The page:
A couple weeks ago, we looked at what a broad group of stakeholders have said about the recommended changes to Part B that the Medicare Payment Advisory Commission (MedPAC) voted in support of. But this week, we wanted to examine one proposed change a bit more.
MedPAC has proposed creating the “drug value program,” essentially a redesign of the competitive acquisition program that the Centers for Medicare & Medicaid Services piloted in Part B from 2006 to 2008. MedPAC offered this proposal in an attempt to make Part B more competitive. But this proposal includes several elements that would actually impede a competitive market, including a binding arbitration process to set prices for new drugs, government price controls and, for the first time, imposing access restrictions for patients.
A number of groups have called attention to the dangers of this proposal in particular. In a letter to MedPAC, nearly 200 patient and provider groups said “the MedPAC proposal to create a new ‘Drug Value Program’ leaves a number of critical questions unanswered, and as proposed could harm patient access by imposing new restrictions on Part B therapies.”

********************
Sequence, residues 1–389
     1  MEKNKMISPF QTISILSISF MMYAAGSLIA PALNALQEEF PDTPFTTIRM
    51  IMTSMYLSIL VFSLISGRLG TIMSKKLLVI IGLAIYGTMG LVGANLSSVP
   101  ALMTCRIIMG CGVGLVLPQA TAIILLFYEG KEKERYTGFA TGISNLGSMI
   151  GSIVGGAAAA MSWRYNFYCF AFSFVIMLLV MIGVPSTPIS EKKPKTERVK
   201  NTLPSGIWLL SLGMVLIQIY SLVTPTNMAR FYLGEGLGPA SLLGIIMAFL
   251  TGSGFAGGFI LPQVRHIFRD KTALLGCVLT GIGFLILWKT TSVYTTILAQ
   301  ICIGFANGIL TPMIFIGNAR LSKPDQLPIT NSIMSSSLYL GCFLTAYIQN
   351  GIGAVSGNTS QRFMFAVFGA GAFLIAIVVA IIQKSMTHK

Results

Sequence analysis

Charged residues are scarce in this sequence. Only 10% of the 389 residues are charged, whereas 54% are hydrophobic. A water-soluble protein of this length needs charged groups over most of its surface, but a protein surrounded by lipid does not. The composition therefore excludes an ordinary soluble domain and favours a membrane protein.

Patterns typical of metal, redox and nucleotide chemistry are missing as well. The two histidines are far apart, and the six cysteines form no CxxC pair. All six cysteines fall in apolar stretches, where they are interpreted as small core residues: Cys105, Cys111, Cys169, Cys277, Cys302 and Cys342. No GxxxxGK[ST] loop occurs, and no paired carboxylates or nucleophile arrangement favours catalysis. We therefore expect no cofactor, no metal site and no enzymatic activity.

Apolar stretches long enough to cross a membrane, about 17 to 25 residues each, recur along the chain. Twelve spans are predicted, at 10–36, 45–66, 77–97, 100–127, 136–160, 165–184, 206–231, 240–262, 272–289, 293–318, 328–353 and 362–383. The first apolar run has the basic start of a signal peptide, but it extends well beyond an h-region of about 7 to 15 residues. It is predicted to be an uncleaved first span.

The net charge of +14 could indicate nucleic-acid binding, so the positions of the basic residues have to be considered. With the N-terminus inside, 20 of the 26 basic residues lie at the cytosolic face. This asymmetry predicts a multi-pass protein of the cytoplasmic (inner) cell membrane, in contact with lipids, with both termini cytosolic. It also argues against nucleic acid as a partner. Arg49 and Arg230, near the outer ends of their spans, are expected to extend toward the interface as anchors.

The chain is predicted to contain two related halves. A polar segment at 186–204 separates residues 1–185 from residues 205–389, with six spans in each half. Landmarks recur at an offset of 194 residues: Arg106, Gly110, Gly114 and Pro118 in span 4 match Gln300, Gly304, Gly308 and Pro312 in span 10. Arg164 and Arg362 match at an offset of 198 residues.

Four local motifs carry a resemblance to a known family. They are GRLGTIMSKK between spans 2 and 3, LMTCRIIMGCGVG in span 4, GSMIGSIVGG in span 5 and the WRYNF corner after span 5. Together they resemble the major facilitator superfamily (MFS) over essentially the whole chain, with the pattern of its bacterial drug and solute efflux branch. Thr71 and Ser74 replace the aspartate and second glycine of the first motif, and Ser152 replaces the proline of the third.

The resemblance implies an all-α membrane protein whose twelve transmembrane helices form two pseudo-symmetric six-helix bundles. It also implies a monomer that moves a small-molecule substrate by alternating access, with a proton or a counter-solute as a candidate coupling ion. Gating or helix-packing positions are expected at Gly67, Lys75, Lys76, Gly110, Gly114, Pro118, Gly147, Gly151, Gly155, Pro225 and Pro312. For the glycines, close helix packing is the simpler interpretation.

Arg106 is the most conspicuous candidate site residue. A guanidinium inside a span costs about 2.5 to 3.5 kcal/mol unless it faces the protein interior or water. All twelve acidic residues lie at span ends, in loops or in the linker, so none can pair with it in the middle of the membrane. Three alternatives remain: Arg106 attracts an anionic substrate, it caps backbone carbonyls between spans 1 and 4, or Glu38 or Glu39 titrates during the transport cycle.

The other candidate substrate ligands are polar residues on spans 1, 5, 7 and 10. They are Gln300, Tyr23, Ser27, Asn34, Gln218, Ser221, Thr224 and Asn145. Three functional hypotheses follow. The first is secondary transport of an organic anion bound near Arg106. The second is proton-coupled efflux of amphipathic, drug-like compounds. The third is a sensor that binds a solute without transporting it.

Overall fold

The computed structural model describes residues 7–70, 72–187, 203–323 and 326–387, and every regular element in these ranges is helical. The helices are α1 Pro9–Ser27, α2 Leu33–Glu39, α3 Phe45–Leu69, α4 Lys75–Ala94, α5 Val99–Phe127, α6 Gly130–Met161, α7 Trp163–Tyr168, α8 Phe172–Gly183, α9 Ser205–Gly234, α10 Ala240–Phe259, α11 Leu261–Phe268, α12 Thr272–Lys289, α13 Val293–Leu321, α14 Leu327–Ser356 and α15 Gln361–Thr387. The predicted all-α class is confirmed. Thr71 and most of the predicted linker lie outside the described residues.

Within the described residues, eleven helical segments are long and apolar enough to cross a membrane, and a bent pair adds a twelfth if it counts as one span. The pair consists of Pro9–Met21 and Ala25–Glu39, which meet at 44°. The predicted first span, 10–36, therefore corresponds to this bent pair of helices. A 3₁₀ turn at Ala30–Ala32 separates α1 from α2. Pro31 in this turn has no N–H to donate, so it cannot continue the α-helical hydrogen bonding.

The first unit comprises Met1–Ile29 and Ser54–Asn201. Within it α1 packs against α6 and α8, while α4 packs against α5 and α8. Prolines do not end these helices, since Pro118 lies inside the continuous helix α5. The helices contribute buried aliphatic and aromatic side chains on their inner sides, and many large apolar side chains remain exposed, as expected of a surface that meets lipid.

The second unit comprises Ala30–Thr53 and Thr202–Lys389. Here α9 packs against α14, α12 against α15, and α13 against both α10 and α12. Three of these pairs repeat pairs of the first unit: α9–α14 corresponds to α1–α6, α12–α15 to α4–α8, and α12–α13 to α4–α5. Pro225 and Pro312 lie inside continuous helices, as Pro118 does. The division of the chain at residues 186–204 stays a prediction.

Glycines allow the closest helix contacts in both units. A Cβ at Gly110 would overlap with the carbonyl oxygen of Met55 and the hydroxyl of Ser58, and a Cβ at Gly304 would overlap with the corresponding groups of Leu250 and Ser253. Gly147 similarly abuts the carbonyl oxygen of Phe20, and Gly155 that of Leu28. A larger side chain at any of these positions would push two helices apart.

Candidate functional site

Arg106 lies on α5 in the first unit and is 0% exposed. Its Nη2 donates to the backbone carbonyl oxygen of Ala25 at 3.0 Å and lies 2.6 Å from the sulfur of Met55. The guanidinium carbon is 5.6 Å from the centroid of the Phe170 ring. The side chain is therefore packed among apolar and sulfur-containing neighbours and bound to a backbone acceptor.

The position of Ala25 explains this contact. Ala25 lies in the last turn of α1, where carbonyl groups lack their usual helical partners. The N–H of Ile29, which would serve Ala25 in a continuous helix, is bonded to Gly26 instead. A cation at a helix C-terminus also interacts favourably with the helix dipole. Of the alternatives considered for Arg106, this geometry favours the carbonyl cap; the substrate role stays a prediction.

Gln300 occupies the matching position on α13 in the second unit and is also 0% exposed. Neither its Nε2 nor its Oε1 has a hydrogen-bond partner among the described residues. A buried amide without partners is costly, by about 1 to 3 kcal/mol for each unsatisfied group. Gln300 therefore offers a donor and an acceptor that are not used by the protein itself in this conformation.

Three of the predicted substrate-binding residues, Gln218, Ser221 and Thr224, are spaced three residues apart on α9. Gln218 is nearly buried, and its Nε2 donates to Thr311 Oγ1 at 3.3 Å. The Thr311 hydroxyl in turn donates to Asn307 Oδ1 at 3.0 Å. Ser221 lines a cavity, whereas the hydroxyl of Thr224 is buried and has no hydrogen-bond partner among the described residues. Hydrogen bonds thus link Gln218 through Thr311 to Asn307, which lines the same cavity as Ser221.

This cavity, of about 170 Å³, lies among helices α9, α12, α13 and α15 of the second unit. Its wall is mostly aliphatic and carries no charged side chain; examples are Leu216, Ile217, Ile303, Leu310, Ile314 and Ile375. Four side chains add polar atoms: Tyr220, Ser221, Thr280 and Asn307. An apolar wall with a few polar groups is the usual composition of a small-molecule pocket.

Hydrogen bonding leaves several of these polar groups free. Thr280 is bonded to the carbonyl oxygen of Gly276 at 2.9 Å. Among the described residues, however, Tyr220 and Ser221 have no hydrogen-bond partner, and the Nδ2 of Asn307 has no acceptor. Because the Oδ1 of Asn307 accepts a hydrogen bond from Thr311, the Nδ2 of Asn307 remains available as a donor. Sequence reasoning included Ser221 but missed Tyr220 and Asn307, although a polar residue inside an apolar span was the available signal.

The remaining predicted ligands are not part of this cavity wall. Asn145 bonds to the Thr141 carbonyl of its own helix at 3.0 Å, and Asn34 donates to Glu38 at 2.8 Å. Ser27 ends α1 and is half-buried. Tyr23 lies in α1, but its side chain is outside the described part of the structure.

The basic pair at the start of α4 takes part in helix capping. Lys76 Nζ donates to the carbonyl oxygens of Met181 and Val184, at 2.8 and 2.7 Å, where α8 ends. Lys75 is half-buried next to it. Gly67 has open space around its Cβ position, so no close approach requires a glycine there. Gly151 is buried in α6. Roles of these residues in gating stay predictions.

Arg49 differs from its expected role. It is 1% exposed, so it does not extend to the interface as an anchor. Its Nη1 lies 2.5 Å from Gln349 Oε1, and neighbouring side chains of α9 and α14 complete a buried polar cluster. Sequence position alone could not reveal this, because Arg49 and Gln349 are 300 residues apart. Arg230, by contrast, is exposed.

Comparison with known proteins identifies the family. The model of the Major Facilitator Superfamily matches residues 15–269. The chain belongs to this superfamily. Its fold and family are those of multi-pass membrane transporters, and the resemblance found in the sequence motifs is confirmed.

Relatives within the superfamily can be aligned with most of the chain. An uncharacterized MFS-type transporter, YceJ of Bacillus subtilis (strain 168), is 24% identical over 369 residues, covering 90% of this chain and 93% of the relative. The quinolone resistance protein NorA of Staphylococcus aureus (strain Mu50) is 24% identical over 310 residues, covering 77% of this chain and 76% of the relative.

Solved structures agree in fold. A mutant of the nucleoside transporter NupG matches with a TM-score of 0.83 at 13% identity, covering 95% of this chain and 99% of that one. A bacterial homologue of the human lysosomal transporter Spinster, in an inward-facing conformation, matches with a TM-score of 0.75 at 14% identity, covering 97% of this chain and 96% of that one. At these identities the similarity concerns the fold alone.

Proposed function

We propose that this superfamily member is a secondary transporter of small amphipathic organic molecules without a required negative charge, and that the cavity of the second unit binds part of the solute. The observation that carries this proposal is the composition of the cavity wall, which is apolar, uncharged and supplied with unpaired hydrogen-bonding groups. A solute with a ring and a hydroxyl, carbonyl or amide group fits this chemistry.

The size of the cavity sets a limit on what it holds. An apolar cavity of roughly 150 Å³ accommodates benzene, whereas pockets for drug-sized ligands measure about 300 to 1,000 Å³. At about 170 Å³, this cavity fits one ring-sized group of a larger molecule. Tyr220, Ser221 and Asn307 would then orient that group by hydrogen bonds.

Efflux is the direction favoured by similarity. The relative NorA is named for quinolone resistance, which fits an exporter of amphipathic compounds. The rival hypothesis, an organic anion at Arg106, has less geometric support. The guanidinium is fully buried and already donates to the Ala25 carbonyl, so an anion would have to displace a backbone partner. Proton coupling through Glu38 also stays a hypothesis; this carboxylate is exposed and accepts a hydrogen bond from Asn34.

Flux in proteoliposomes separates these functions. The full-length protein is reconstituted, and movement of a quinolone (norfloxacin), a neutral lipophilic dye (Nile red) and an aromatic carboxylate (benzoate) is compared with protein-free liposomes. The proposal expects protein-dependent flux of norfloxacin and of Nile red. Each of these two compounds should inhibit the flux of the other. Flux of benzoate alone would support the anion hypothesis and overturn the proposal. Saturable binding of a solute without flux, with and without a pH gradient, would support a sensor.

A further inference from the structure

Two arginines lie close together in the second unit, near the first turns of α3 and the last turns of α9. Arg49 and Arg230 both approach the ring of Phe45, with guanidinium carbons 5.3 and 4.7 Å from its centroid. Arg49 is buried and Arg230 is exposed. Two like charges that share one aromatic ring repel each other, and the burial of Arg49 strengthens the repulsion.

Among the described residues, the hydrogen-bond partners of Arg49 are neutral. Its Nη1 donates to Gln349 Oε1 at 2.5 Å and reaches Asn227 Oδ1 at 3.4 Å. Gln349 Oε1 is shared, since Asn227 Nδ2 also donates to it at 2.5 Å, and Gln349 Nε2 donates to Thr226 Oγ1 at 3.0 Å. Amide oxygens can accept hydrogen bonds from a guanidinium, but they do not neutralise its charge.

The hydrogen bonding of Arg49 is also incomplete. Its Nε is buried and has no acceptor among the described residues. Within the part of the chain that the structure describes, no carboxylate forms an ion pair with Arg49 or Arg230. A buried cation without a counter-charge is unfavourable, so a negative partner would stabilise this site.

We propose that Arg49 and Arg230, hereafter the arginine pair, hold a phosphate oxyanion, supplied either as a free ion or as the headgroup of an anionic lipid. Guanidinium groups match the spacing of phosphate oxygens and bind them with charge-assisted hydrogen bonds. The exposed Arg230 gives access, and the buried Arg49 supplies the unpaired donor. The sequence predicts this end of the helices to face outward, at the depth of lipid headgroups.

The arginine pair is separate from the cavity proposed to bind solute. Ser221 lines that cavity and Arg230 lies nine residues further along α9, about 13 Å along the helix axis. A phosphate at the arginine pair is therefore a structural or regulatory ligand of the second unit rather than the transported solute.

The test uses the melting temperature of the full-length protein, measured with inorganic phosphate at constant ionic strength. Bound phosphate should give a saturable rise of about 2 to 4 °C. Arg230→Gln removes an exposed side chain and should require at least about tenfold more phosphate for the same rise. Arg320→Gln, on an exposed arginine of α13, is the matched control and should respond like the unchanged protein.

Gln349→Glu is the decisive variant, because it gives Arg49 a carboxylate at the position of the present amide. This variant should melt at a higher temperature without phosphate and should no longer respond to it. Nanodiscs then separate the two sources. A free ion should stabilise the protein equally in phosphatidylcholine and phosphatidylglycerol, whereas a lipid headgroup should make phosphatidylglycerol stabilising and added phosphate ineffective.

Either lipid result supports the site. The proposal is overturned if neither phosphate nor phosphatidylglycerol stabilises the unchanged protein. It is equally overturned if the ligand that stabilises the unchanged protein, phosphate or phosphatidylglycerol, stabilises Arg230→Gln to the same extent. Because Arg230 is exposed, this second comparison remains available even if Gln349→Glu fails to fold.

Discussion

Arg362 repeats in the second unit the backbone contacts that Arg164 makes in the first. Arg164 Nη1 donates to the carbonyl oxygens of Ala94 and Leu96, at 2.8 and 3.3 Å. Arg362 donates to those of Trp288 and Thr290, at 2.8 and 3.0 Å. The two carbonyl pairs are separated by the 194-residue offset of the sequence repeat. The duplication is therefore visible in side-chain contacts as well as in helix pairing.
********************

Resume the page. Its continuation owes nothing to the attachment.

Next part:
The Community Oncology Alliance points out, “There are numerous problems with the Part B Drug Value Program (DVP) outlined in the MedPAC draft recommendations [… ] the idea of creating a formulary to artificially induce competition in price negotiations, administered by a third party PBM-type entity, is simply reckless. This would create obstacles to Medicare beneficiaries receiving the most appropriate cancer therapy available as decided by the physician and patient – not some corporate, profit-seeking PBM-type entity.”
Additionally, Amy Bricker, a MedPAC commissioner and vice president of supply chain strategy & product development at Express Scripts, raised concerns with the “drug value program” proposal, telling Modern Healthcare, “For me, it’s a bridge too far [ … ] There is a way for us, I believe, to foster competition, to bring value to the market without adopting something as drastic as this.”
Stakeholders from across the health care sector agree: MedPAC’s proposal would make Part B less market based and reduce access to treatment for beneficiaries with serious conditions.
Nicole Longo Nicole is senior manager of public affairs at PhRMA. She previously worked for a D.C.-based public affairs firm where she assisted a wide range of clients with communications efforts on everything from trade policy to agriculture policy to health care policy. Outside the office, Nicole can be found trying new restaurants (usually Italian), taking an occasional barre class and cheering on the Cincinnati Bengals.